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The Inside Track | Page Two

Women's Coverage Is OK, Even If It's Uncoverage

November 04, 1998|RANDY HARVEY

Katarina Witt poses nude for Playboy, Cynthia Cooper bares her breasts in a photo shoot, Jeanie Buss appears topless in Sports Illustrated with basketballs covering her breasts.

I'm for it.

Or, I should say, I'm not against it.

There has been a question since women began playing more prominent roles in sports about whether they could call attention to their femininity and still be taken seriously in what remains largely a man's world.

For many, Florence Griffith Joyner provided the answer by embracing a look that made her an appropriate cover subject for Cosmopolitan as well as Track & Field News.

To young girls who didn't want to participate in athletics because of the tomboy stigma attached to them, that is an even more valuable part of FloJo's legacy than her world records.

Ten years after she blazed that trail, however, some still react as if women in sports who emphasize glamour are damaging not only their own credibility but that of every woman in sports.

Witt in particular has been criticized, as if her Playboy photographs mean that women's figure skating now will be regarded as nothing more than a beauty contest. In fact, beauty--of motion, if not necessarily of body--is an element in the judging of figure skating, but, any woman who hopes to become a champion should be advised to also pack a triple lutz.

I, however, understand the critics' concerns. We haven't come a long way since the LPGA tried to sell its tour based on how Jan Stephenson used the tools in her cosmetic bag instead of her golf bag.

Otherwise, Anna Kournikova wouldn't get more attention than Lindsay Davenport and boxing promoters wouldn't promote Mia St. John's looks instead of her left and right hooks. Women in sports shouldn't have to expose themselves to get exposure.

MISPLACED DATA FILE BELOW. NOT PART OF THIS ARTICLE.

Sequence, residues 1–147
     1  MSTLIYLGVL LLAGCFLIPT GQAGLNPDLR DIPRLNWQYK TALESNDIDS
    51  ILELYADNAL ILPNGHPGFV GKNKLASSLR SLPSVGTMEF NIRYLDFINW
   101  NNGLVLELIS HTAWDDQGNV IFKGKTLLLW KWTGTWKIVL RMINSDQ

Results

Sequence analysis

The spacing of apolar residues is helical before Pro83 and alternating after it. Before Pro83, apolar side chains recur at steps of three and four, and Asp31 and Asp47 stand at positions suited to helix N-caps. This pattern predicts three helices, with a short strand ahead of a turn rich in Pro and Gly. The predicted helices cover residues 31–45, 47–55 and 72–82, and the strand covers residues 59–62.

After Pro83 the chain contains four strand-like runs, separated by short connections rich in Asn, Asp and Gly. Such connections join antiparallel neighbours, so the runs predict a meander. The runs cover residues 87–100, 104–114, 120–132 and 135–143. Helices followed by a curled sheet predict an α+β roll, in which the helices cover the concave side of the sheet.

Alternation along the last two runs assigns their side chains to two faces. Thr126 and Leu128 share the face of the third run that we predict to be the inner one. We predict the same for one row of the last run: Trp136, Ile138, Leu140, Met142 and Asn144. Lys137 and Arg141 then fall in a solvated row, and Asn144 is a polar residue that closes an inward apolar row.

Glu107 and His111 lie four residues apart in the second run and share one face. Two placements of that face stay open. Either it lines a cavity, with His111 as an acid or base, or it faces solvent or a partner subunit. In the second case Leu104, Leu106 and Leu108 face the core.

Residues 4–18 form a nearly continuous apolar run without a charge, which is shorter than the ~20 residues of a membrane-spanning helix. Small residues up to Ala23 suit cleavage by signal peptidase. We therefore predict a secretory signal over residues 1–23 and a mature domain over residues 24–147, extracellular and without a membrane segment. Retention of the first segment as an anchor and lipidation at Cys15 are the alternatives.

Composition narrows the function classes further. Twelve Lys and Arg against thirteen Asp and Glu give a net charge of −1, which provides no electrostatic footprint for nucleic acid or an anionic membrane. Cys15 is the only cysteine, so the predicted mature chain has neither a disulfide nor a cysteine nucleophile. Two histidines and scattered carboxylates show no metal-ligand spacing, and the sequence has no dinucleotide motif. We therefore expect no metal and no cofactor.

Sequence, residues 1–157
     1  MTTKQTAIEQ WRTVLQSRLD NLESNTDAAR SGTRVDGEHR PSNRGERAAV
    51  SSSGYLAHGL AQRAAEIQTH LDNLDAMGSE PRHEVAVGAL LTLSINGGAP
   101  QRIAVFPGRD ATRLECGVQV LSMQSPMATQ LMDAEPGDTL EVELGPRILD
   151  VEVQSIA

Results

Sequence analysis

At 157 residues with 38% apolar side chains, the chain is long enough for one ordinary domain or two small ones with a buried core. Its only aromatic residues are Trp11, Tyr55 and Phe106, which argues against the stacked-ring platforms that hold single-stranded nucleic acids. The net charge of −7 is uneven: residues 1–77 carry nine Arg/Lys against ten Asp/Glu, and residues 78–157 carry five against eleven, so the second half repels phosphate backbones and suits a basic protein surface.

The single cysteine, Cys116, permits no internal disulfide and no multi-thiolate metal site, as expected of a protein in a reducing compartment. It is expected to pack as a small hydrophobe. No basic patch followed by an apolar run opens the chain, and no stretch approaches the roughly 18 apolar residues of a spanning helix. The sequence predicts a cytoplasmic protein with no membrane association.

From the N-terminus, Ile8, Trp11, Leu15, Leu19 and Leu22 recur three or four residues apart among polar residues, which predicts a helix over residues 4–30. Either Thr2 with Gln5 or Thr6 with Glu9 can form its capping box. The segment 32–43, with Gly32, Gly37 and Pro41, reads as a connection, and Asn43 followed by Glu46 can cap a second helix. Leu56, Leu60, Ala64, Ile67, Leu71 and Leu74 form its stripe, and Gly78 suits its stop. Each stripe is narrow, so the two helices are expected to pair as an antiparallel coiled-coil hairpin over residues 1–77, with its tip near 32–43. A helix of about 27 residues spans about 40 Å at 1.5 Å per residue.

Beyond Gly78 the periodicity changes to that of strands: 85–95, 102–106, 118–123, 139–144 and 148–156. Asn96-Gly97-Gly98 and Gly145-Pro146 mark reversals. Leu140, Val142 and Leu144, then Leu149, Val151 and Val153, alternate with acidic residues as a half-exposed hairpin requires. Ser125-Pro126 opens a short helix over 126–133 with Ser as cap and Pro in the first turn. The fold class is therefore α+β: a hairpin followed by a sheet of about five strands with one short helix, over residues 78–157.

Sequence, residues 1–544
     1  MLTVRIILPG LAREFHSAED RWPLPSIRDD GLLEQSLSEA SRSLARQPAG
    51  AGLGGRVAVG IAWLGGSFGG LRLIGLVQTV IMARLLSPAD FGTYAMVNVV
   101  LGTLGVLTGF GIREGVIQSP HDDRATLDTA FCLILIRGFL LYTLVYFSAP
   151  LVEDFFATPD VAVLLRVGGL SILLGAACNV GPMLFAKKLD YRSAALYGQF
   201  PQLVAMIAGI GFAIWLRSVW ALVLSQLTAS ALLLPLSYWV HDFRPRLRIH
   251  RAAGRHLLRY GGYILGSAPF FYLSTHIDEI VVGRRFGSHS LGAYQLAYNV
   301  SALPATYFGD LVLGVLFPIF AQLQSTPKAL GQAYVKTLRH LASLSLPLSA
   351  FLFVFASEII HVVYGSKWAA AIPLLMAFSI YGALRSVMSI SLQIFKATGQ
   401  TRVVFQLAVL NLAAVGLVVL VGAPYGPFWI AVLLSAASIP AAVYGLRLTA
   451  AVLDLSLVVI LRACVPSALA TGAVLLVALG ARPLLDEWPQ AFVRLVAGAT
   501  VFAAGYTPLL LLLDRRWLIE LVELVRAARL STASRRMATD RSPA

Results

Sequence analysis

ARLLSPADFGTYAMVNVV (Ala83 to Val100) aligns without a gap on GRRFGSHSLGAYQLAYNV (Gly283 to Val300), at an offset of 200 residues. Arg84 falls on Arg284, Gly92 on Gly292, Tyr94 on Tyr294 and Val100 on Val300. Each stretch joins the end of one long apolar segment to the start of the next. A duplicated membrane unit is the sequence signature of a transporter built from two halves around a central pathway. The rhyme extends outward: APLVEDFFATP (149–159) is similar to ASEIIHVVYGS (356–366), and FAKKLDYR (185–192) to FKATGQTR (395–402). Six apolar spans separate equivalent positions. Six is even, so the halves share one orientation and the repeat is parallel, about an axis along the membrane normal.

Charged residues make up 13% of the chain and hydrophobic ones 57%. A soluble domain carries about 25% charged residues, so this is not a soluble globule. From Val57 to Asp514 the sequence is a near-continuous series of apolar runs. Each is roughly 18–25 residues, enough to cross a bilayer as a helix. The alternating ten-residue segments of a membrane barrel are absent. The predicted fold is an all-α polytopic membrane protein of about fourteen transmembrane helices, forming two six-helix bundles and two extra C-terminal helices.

Neither should they be branded as traitors to the women's cause if they do.

Witt, a two-time Olympic champion; Cooper, a two-time WNBA most valuable player; and Buss, the most business savvy among heirs to father Jerry Buss' sports empire, didn't get where they are because of their looks. But now that they are where they are, they should have the freedom to choose how they express themselves.

*

I read Sports Illustrated for the articles. . . .

Don't miss the one in the current edition on Jerry Buss' family. . . .

The conclusion from one person quoted anonymously is that Buss eventually will recognize the futility of trying to get his children to work together and sell his sports operation to Rupert Murdoch. . . .

The writer, Franz Lidz, is an authority on dysfunctional families. His was the subject of the 1995 movie, "Unstrung Heroes." . . .

Los Angeles' City Council voted, 14-0, Tuesday to sanction an L.A. triathlon, an idea proposed last year by the L.A. Sports Council. Bids will be accepted from prospective organizers. . . .

One athlete I'd like to see compete is Casey Cook. . . .

Cook, from Ventura, suffers from a rare genetic disorder that cost him his sight when he was 9 and his hearing when he was 16. . . .

After a special hearing device restored 40% of his hearing 3 1/2 years later, he began participating in triathlons. . . .

He will receive an Arete Award tonight in Chicago for courage in sports. . . .

"I just have a few physical quirks," he says. "I'm mystified why others see what I do as a big deal." . . .

If UCLA wins the national championship, Bruin fans will look back on Marques Anderson's strip of Stanford's Jeff Allen the way they do Tyus Edney's coast-to-coast drive against Missouri in the 1995 NCAA basketball tournament. . . .

USC is 8-0 against UCLA this fall--3-0 in women's golf, 2-0 in women's volleyball, 1-0 in women's soccer, 1-0 in women's cross-country and 1-0 in men's water polo. . . .

Track & Field News projects the Trojan men to win the national championship and the women to finish third, one place behind UCLA. . . .

Former Trojan Quincy Watts, the 1992 400-meter Olympic gold medalist, is training again with Coach John Smith in Westwood. . . .

The cut under Oscar De La Hoya's eye that caused him to postpone his Nov. 21 fight against Ike Quartey probably was a blessing. . . .

Confident he would make quick work of Julio Cesar Chavez on Sept. 18, De La Hoya allowed the Quartey fight to be scheduled not quite two months later. . . .

De La Hoya, however, took almost as much punishment as he gave, leading some within the boxing world to believe he needed more time to recuperate before finally entering the ring against a worthy challenger like Quartey. . . .

Rick Pitino owns The Groom Is Red, who is running in Saturday's Breeders' Cup Juvenile at Churchill Downs--unless Pitino decides to lock him out. . . .

The New York Post reports that the Dodgers are poised to offer David Cone the moon. Does Murdoch own that too?

*

While wondering if Paul Hackett still believes Oregon is the Pac-10's best team or if it's Stanford this week, I was thinking: It doesn't take BCS rankings to figure out Ricky Williams has pretty much locked up the Heisman, it's hard to believe there are worse teams this season than the Philadelphia Eagles, Lawrence Taylor belongs in rehab and the Hall of Fame.

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